M. Carey Thomas Award presentation at the 105th Annual Meeting of the Alumnae Association June 3, 2002

Nancy Vickers: Good morning, I would like to begin a very special part of this weekend's program—the presentation of the M. Carey Thomas Award to Mary Patterson McPherson. I can think of no more appropriate group with whom to share this occasion than with you, the alumnae of Bryn Mawr. Many of you met Pat for the first time in your student years. She was your Dean or your President. And even those of you who were already alumnae when Pat arrived at Bryn Mawr in 1961 are no doubt keenly aware of how much the College, and indeed higher education as a whole, have benefited from her leadership. We have an opportunity to honor this lifetime of achievement today.

And now I would like to turn the microphone over to Susan L. MacLaurin '84, President of the Alumnae Association, for a history of the M. Carey Thomas Award.

Susan L. MacLaurin '84:
Thank you, Nancy, and good morning everyone. The Alumnae Association created the M. Carey Thomas Award in 1922, the year President Thomas retired. The first award went to Thomas herself, and it has been given 17 times since. It remains to this day Bryn Mawr's highest honor, and is given jointly by the Association and by the College.

The language establishing the Award states that it is to be given to American women for eminent achievement. The list of recipients includes such leading intellects, artists, educators and social activists of the 20th century as Jane Addams, Eleanor Roosevelt, Eudora Welty, Georgia O'Keefe, and Marian Wright Edelman. Bryn Mawr has also recognized a number of its own brightest lights, including Marion Park, Marianne Moore, Katharine E. McBride, Millicent Carey McIntosh, Barbara Auchincloss Thacher, and Hanna Holborn Gray.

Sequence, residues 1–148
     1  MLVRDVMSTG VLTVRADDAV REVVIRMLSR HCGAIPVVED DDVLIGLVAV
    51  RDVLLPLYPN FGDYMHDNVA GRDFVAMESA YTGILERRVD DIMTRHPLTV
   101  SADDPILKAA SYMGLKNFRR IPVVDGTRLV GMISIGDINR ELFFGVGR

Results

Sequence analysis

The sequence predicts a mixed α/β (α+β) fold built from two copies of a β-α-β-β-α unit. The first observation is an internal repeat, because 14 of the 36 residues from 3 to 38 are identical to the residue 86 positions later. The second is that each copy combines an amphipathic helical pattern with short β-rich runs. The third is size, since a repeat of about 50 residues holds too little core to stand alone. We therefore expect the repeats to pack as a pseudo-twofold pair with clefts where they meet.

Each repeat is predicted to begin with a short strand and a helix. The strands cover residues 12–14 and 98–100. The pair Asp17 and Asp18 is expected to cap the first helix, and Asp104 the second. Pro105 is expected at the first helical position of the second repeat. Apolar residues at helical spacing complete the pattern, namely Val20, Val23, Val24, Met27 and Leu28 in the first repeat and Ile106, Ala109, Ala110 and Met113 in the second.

On a personal note, and I suspect a chord that will resonate with many, I would like to explain why I am so honored to be representing the Alumnae Association today. I could start with the fact that I worked in Pat's office as a senior and as a newly minted graduate. One of my first and probably largest responsibilities was to put in alphabetical order all of the books in President McPherson's office. There was actually no greater joy, and you would be surprised how many skills from that particular experience have come in handy in a business environment. What I will recall, however, in more detail, is the 5th Reunion of my graduating class, 1989. Pat spoke to us, gathered on the lawn behind Wyndham, in her voice that we knew and loved, about Tianaman Square, the atrocities occurring in a land somehow far away and not, occurring as we celebrated. By her example, Pat reminded us to be committed to the woman in the chair next to us, on the lawn, and yet to know our place in this world, to stand up against what is wrong in our society. Instilled in us was a sense of integrity and responsibility. As well, I believe it was a moment when the central purpose of a Bryn Mawr education could be said to take hold. If I might take the liberty of quoting Pat herself to expand: "Our central purpose must be to work for the freeing of minds from prejudice, from cant, from the particular ties of here and now. The freedom, however, is not easily won, and it will not be accomplished in a four-year period. In a real sense, all that we can teach you are the tools of learning. In all the rest, we are partners in the open-ended search for truth." (Page 24, A Century Recalled - Essays in Honor of Bryn Mawr College)